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Married vs. Single: Can't We All Just Get Along?

Are married women the Jets and single women the Sharks? Do they dance around each other cautiously knowing the other side is just not their type of people? I'd like to think not.
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As a newlywed, I first read Lindsley Lowell's piece "Why I Refuse to Join the Smug Married Club" thinking maybe there was behavior I should recognize and avoid. Are married ladies that smug? Is it inevitable that both groups are just warring camps with each taking vicious barbs at the other's lifestyle? Are married women the Jets and single women the Sharks? Do they dance around each other cautiously knowing the other side is just not their type of people? I'd like to think not.

However, I'm sure every single woman can describe a moment when a married woman (maybe completely unintentionally) has said something condescending or passive aggressive with the effect of making said singleton feel like a total loser. Personally, I got "Why are you still single?" all the time. Apparently my single status needed to be solved, as if I wasn't trying to work on it myself. This phrase is infuriating because it treats being single like a disease that one should know better than to catch. Also, there is no appropriate answer. For Lowell, the statement was pretty blatant and offensive. Her example of the smug married club happened when she was the only single bridesmaid at her friend's wedding. She described, "An extremely obnoxious fellow bridesmaid gave me a speech on how tragic my single life must be and how she would "absolutely die" if she were ever single again and how she was "so incredibly happy" in her marriage."

This scenario was probably worse than normal because it was at a wedding. Being single at a wedding is like being prime meat in a window display at a butcher shop. Everyone wants to set up the single girl at a wedding. From grandmothers and great uncles to old high school friends, they all get in on the act. Everyone will come up to the single girl and say, "Have you met my _______ (insert nephew, college roommate, little brother, co-worker, etc.) Tom?"

So yes, it would appear that there are some smug married women out there. This is both confusing and sad. It seems especially cruel to hurt or demean any group you were once a part of. Every married woman out there was once single. Some may have married very young and their single days were few and far between, but more often than not, most married women were in the dating game for long enough to know better.

Personally, I was one of the last of my friends to get married (it just happened last month). I'm in my mid-30s and have been a bridesmaid nine times. I have been forced out onto the dance floor to catch a bouquet when the only other woman there was the divorced mother of the groom. I have a section of my closet where bridesmaid dresses go to die or are turned into Halloween costumes (18th century vampire, Audrey Hepburn, Zombie Miss USA contestant anyone?) Trust me I get it. The last thing I would ever want to do is belittle single women.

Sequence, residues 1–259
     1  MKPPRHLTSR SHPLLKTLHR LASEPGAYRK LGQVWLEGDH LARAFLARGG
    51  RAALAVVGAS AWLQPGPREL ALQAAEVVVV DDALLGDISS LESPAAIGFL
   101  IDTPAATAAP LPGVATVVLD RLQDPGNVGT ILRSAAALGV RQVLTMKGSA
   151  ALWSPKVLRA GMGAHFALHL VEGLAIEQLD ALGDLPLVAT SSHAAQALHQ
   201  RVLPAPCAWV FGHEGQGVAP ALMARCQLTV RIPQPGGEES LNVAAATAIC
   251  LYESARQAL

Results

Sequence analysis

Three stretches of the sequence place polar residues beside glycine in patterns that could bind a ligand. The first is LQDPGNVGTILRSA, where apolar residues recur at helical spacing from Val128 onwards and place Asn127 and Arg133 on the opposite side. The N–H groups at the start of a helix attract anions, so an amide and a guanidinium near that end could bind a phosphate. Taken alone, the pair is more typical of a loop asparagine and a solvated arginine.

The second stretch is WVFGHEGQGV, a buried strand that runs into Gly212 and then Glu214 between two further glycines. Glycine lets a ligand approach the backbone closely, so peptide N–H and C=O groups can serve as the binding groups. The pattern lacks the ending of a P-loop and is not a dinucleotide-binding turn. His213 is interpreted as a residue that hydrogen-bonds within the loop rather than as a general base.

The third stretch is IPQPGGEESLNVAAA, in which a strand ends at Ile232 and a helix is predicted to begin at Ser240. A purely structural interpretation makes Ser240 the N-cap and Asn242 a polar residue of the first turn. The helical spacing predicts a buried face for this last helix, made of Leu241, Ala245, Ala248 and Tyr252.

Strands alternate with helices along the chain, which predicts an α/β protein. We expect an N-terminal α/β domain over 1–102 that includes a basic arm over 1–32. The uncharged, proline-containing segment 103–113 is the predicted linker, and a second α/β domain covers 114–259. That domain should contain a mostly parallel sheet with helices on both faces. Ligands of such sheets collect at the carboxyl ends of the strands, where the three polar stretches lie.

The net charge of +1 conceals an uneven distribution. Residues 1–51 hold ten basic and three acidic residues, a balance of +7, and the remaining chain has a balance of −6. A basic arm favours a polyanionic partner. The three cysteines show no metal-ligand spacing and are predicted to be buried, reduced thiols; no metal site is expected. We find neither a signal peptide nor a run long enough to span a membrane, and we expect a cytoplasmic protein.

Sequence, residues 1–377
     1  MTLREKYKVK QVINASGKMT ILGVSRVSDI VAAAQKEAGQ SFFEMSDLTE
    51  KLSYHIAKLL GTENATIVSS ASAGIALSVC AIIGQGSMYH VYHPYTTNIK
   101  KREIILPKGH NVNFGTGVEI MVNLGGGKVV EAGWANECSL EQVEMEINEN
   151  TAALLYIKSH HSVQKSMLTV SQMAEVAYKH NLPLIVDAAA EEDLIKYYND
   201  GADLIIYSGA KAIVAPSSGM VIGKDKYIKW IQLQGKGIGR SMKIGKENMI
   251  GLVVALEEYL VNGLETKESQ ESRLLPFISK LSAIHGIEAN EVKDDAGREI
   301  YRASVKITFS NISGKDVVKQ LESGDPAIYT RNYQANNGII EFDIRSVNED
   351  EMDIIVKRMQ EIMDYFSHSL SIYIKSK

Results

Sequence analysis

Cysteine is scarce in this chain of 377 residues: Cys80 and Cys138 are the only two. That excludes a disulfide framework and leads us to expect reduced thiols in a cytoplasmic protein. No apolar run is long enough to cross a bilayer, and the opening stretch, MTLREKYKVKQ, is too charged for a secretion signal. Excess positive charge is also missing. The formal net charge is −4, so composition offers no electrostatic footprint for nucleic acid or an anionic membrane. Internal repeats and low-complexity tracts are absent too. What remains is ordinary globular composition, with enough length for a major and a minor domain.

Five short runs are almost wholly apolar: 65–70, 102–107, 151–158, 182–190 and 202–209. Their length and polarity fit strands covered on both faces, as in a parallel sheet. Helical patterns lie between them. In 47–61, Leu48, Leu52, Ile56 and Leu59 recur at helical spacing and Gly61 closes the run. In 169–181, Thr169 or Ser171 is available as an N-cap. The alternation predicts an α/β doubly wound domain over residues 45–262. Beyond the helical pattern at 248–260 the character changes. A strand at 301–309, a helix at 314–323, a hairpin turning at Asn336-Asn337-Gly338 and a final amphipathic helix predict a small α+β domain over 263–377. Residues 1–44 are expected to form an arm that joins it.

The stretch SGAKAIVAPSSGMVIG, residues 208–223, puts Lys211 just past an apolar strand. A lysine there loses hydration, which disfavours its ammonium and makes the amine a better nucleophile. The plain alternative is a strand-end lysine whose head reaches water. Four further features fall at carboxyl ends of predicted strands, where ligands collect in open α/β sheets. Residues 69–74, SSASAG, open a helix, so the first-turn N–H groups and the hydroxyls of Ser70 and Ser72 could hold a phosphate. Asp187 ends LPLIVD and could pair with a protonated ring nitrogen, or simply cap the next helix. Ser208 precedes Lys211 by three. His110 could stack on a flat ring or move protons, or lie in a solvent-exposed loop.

However, I don't believe married women are walking around smugly congratulating themselves about their marital status. Instead, I think they remember the harder parts of being single and try for sympathy but mistakenly come off as offensive. Being single, at times, is awesome and other times, it feels like war. When women get together, they bond over shared war stories. Maybe some married women inadvertently describe the toughest parts of being single unaware they are making a single gal feel bad. For every bad date story, there is probably an equally fun story about an all-girls trip to Vegas or night of dancing at clubs.

Weddings aside, whether single or married, each has moments of jealousy of the other. Life is often a grass is always greener on the other side scenario. Single women get jealous of the guy that sleeps next to you each night, kills spiders, stays home on a Friday night to pick a Netflix film and share a good bottle of wine, and loves you no matter what. Married women get jealous of the freedom, endless "me" time, girls nights, a life without babysitters, the anticipation of a new date, or the thrill of a great first kiss. It's not saying either one hates their life or leads a sad, jealous existence. So the worst thing we can do is make single women feel bad for being single, or assume that a wedding and a marriage certificate brings anyone perfect happiness. In fact, if we look at the country's divorce rate, it's pretty obvious that a lot of those marriages aren't very happy.

The better solution is to recognize that no one truly knows the ins and outs of anyone's life. No matter what box someone checks off to describe their status: single, married, divorced, widowed, or it's complicated, that alone does not define them. Sometimes being single is awesome, and sometimes it sucks. I'd say the same is true for marriage. However, if anyone has managed to make a single person "feel pitied or sub-human", remember the advice of Eleanor Roosevelt, "No one can make you feel inferior without your consent."